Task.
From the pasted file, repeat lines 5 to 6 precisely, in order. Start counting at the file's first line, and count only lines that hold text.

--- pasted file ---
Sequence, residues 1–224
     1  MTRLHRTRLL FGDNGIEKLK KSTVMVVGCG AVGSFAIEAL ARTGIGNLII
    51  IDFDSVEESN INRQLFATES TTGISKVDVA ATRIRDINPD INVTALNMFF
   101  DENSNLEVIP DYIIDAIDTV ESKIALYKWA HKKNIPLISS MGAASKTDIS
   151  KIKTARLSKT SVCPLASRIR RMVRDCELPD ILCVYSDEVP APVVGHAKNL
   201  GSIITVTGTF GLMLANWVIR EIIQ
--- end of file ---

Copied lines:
   151  KIKTARLSKT SVCPLASRIR RMVRDCELPD ILCVYSDEVP APVVGHAKNL
   201  GSIITVTGTF GLMLANWVIR EIIQ